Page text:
Wednesday, 2 March 2016

The A - Z of Autism - D is For

When Mr L was diagnosed back in 2007 I didn't have a clue what Autism was or even what it meant, 8 years on and 2 more diagnoses its still a puzzle. I have been contemplating doing a blog series with all the words associated with Autism to help other parents and to maybe be a bit of a reference point. So say hello to the A to Z of Autism. Each week will be a different letter, last week was C is for and I got some fab inclusions from other autism parents. This week is D is for.........

Diet
This word was suggested by Tina from MotherGeek and Toni from GymBunnyMummy and its a big one for us to. For Tina diet is a constant battle, with Sam refusing to eat anything with dairy or calcium in. For Toni and her Son prefers fromage frais and dried bread. In our case Miss S have a beige diet, apart from baked beans. She has to take vitamins to ensure she gets all her daily needs. This is also a battle as she refuses to take them! It's a vicious circle, lots of ASD children have issues with their diet, it can be down to sensory issues and most children, like Miss S have a dietician as one of the regular professionals.

Diagnosis
This is the most obvious D in the A to Z posts, diagnosis is a massive hurdle for all ASd parents. The battle to get to it, what it means when you have it and the aftermath of dealing with the actual diagnosis. Joy from PinkOddy and Ann from Rainbows are too beautiful suggested Diagnosis also. For us we were lucky and diagnosis was quick and straight forward. It's not the case for some and it can be a long rocky road. The best advice I can give it find someone to talk to, right everything down and keep a diary. In some appointment's they want to know the ins and outs of everything and when you deal with your child on a daily basis it's easy to forget some of the things they do. Having it all written down means it's easy to refer back to.

Dyspraxia
This is sometimes a condition that can go hand in hand with an autism diagnosis. Dyspraxia, a form of developmental coordination disorder (DCD) is a common disorder affecting fine and/or gross motor coordination in children and adults. It may also affect speech. Children may present with difficulties with self-care, writing, typing, riding a bike and play as well as other educational and recreational activities. This is something Mr D is being assessed for at the moment.


Do you have anything else you would add for D then just leave me a comment below. Make sure you come back next week for E is for.....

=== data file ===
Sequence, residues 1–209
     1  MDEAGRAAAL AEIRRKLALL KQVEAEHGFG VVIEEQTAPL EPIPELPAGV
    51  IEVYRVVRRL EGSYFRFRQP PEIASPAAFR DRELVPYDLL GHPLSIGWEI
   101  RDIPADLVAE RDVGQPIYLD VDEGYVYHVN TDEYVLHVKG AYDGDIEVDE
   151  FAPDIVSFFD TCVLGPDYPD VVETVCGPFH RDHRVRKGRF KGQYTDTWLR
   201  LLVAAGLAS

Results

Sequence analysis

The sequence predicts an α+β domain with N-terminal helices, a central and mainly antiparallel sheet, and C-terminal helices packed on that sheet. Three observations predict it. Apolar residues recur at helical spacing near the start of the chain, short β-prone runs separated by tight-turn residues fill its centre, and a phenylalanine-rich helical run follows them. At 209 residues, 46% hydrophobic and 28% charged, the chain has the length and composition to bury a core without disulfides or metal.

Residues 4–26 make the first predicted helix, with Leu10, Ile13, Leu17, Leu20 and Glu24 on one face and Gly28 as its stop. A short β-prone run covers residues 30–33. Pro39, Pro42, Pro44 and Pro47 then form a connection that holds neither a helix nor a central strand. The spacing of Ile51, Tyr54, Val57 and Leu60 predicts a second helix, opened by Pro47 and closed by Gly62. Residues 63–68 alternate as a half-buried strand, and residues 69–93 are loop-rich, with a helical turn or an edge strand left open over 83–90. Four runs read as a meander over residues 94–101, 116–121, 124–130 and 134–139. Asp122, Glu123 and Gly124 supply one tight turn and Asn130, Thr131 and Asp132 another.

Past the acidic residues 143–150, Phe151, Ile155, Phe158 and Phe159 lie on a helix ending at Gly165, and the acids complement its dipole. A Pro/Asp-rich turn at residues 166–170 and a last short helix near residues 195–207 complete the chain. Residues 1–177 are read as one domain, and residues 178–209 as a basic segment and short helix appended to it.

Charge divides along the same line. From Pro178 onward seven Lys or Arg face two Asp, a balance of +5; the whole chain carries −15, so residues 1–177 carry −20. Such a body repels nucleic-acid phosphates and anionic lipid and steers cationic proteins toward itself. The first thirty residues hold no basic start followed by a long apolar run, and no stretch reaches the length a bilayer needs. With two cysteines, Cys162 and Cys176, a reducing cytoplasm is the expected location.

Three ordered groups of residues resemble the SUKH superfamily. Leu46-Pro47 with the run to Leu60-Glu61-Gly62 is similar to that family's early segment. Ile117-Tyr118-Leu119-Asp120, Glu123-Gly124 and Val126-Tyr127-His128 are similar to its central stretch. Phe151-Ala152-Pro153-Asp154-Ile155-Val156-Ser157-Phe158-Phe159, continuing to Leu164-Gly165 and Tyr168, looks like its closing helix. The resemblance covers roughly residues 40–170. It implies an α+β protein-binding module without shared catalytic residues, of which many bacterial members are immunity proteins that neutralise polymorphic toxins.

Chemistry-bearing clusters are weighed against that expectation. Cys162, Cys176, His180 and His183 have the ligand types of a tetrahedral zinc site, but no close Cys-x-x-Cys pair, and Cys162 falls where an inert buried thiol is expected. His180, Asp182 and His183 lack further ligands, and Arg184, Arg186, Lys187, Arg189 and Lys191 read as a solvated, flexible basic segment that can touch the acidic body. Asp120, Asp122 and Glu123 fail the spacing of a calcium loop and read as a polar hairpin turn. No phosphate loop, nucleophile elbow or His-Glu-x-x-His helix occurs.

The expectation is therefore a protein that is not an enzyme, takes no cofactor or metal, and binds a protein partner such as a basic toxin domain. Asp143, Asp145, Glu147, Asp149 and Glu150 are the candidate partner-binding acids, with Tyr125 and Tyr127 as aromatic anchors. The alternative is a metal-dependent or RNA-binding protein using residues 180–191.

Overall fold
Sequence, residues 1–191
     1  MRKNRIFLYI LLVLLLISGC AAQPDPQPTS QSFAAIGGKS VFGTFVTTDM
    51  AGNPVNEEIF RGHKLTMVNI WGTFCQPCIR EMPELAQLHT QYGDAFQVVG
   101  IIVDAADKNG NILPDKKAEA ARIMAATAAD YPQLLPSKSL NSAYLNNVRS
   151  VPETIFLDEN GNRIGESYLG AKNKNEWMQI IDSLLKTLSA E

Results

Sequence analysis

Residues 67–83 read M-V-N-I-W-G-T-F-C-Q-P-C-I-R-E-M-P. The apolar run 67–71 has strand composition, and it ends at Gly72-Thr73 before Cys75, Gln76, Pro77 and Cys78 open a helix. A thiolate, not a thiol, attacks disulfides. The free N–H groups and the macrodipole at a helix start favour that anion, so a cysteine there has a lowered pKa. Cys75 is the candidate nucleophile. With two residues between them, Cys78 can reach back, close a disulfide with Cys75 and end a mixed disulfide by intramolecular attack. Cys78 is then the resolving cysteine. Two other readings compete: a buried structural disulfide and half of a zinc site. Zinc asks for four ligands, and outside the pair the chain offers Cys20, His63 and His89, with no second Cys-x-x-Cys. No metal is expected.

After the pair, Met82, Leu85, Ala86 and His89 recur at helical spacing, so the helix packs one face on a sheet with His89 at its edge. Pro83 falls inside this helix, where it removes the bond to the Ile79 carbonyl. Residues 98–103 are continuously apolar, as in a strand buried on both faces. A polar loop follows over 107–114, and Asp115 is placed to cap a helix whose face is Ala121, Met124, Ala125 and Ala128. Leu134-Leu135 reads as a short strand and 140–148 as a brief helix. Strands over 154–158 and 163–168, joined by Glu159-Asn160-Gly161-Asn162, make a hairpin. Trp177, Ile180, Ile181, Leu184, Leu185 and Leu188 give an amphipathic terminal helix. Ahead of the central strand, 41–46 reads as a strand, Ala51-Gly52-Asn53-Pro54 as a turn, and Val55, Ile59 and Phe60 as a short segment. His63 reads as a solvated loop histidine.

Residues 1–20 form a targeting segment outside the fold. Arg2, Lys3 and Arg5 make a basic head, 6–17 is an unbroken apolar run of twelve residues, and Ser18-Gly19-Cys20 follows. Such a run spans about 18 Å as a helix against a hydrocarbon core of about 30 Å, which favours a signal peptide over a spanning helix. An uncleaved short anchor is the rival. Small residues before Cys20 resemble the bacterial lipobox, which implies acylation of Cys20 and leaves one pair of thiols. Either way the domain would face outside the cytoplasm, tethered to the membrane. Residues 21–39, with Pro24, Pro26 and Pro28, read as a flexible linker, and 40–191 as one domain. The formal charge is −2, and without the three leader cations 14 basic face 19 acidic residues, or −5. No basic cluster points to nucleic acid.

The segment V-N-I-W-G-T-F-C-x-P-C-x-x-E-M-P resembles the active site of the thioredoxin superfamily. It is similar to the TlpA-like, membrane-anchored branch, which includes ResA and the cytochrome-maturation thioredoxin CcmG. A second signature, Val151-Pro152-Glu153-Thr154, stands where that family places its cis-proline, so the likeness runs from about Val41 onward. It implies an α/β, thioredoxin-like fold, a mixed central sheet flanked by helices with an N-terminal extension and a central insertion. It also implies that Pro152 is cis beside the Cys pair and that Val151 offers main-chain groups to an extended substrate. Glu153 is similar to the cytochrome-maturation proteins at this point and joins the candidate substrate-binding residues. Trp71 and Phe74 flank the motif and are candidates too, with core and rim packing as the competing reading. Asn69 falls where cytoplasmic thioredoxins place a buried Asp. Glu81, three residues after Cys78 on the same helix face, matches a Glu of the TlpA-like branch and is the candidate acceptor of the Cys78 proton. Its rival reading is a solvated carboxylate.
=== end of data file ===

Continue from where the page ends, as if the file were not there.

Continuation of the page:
Mandy
xx

8 comments:

  1. Of course Dyspraxia! Yep, we had that in abundance!

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  2. Yes, diet huge issue here too, so limited... Am off to see a doctor about it next week funnily enough!!

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  3. These terms are making me remember my lectures college we used a lot of these terms #science student

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  4. Interesting post - my cousin has autism so i know quite alot about it. Diet is definately an issue!

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  5. Diagnosis is always defficult
    My cousin was diagnosed with aspergers
    Because of poor diagnosis and information she moved to London from Ireland and says the service there is great

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  6. I think doing a series of posts to help others is fantastic, when my friend was having a particularly low time worried how her son would function as an adult, i put her in touch with my adult autistic friend, her outlook is much brighter now, its great for people who understand what they are going through to speak to :) x

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  7. This is so true. I am really enjoying reading through your articles about living with an autistic child. xxx

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  8. Digestion, as I have heard that some are prone to constipation, which I would expect must be uncomfortable. Yet how does the child communicate this discomfort. Also how does parent /Carer interpret child's body language, behaviour etc.

    Just what is causing the constipation, and how can it best be prevented or relieved? Sufficient fluids, sufficient fruit, vegetables, roughage.?

    It seems that parents may need to consider child's physiology etc. As well as Activities of Daily Living. Exercise may benefit child, as will receive endorphins ("feel good hormones").

    Rachel Craig

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